I remember one particular Thanksgiving. My first husband and I had recently separated, and I had been single-parenting a toddler. No one expected me to do much that year, which was a good thing. I had been putting a lot of energy into holding myself together, but once surrounded by the safety of family I melted into a puddle. I spent most of the day napping on the couch while others looked after Mackenzie and prepared the meal.
My cousin C had recently gained some weight and her body shape matched that of my mother, as did her hair color and length and her energetic movements. From my haze on the couch in the open kitchen / living room layout, I was occasionally conscious of one or the other of them moving past me as they bustled about preparing the meal, but I couldn't tell who was who. It was one of those adoptee paradox moments. I was conscious of both belonging and not belonging, of being held by the family but not completely of the family.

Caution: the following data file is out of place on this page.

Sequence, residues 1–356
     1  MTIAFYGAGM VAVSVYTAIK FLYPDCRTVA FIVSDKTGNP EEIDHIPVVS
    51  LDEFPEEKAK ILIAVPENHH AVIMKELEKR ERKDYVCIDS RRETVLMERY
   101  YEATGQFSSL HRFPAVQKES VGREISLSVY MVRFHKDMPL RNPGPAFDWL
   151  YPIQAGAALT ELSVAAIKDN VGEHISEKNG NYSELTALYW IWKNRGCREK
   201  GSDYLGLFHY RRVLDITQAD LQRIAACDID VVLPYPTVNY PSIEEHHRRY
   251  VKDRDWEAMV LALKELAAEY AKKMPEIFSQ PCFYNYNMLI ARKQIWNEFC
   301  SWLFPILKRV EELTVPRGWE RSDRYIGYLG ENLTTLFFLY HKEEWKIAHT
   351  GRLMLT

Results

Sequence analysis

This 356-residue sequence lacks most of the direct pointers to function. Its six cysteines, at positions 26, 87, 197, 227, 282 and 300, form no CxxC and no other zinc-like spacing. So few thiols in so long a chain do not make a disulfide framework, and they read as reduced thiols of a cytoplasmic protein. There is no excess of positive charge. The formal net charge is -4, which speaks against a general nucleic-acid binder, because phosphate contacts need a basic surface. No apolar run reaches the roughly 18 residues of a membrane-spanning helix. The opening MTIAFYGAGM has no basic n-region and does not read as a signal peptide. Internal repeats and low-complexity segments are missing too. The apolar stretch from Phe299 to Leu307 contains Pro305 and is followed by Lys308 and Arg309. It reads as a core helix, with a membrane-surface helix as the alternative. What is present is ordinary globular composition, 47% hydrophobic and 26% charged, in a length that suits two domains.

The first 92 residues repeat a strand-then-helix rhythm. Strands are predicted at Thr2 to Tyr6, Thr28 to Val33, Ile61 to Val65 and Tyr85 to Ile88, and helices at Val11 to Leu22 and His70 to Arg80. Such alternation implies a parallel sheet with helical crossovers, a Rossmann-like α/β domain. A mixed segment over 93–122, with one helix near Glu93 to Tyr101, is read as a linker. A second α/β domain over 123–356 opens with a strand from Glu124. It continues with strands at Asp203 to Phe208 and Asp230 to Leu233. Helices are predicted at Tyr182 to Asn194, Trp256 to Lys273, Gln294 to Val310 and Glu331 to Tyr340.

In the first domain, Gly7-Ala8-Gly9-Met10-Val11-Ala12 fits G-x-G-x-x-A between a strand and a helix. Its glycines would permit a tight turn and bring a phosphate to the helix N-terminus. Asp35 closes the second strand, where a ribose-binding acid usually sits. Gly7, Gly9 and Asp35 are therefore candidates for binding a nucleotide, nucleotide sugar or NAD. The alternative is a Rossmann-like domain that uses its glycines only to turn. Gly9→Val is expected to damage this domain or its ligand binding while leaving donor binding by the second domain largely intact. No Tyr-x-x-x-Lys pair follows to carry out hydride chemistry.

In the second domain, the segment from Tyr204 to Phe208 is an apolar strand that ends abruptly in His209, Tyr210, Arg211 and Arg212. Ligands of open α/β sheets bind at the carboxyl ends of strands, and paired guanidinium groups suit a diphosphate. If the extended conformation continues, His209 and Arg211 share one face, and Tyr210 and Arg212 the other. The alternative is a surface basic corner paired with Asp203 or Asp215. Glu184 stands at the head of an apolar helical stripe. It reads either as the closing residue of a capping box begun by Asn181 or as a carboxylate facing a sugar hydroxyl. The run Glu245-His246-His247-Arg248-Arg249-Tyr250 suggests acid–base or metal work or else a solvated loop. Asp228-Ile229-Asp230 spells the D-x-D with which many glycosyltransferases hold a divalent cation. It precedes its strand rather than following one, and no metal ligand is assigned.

Fast-forward two years. My biological mother and brother were in town visiting me and had come into my place of employment. They told the receptionist they were there to see me, and she buzzed me. I came down to the lobby and introduced them as my mother and brother. She laughed.
"I know," she said.
She laughed again. "Uh, yeah. Pretty obvious!"
Such a simple thing, but I loved it. And I love remembering it even now.
|My daughters were certain this was an old photo of me.|